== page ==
DETROIT (AP) -- Toyota said Thursday it's recalling 516,000 vehicles worldwide -- including 430,500 in the U.S. -- for three separate safety problems, including brakes that can activate without warning.
The company said it has no reports of accidents or injuries due to the defects. In all three cases, the company will alert owners, and dealers will repair the issues for free.
The largest recall, of 450,000 Sienna minivans from the 2004-2011 model years, targets vehicles sold in cold weather areas. Toyota said road salt can corrode the spare tire carrier under the vehicle and the tire can fall off.
Siennas from the 2004-2010 model years were recalled for the same issue in 2010, and a splash protector and anti-rust protection were applied. But the company says the splash protector can fall off and rust can still occur.
The recall involves 370,000 minivans sold in the U.S., 80,000 in Canada and 400 in Europe.
Also recalled Thursday were:
- 16,000 Lexus GS 250 and 350 sedans from the 2013 model year because a manufacturing defect can cause the brakes to activate without warning, and without turning on the brake lights. Most of the vehicles -- 10,500 -- were sold in the U.S. Also included are left-hand-drive sedans sold in Canada, China and Europe.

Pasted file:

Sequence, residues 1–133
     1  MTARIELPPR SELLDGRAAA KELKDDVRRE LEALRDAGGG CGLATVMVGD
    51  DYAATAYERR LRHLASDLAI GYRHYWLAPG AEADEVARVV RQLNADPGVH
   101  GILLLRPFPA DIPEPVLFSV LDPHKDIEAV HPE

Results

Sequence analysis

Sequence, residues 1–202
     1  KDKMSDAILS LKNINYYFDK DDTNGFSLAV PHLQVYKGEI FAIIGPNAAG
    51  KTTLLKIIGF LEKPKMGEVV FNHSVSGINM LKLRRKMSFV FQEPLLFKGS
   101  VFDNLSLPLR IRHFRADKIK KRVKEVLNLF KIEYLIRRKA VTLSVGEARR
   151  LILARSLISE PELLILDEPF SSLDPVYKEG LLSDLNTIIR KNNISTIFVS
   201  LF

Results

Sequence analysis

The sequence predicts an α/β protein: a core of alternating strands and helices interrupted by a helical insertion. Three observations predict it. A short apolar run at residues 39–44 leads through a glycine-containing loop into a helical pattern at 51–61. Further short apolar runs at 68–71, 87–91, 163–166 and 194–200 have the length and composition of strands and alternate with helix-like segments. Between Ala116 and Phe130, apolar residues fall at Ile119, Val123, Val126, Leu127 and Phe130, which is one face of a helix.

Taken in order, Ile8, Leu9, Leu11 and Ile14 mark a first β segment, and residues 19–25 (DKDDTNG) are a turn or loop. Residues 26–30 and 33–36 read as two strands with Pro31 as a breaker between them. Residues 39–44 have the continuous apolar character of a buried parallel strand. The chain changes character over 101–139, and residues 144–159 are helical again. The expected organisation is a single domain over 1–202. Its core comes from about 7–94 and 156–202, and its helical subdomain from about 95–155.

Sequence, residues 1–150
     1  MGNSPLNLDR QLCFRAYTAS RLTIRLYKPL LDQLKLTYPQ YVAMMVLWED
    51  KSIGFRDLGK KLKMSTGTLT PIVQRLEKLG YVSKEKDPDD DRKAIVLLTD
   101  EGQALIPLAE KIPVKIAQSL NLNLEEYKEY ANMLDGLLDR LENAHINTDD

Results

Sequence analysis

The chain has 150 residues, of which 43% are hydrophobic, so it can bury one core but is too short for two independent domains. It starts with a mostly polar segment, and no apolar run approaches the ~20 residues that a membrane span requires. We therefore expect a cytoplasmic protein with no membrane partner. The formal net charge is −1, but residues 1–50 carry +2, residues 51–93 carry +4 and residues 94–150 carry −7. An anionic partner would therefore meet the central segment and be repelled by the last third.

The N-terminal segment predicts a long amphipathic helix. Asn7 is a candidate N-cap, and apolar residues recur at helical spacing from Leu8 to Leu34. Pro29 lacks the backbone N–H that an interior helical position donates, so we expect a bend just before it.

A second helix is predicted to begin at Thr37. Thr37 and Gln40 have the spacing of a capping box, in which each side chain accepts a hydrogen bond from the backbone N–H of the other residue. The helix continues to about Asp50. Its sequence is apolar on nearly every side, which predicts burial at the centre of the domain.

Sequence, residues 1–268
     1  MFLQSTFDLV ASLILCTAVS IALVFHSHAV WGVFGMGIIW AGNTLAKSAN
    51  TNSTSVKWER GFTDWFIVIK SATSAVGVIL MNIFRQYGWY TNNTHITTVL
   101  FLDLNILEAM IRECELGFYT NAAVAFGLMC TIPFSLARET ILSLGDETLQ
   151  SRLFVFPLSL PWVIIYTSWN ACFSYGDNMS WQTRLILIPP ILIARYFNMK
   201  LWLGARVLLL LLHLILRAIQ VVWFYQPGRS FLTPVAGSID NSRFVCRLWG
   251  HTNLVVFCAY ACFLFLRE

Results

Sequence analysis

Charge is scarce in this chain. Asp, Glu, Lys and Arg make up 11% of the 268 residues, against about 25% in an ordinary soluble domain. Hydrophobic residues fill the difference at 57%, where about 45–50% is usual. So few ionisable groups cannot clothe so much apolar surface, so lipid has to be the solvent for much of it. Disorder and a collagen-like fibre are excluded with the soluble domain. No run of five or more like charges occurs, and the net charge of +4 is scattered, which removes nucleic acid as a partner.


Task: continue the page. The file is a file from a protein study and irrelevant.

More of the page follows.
- 50,000 Highlander and Highlander hybrid SUVs from the 2014 model year. Toyota says a software glitch may prevent the vehicle from properly calculating the size of the front passenger when determining whether to fire the air bags. The affected vehicles assume the passenger is smaller, so the bags may not fire or they may fire at a lower speed than necessary for a larger passenger. Toyota says most of the affected vehicles -- 45,287 -- were sold in the U.S. Around 3,400 were sold in Canada and the rest were sold in Mexico and Europe.
The Motley Fool has no position in any of the stocks mentioned. Try any of our Foolish newsletter services free for 30 days. We Fools may not all hold the same opinions, but we all believe that considering a diverse range of insights makes us better investors. The Motley Fool has a disclosure policy.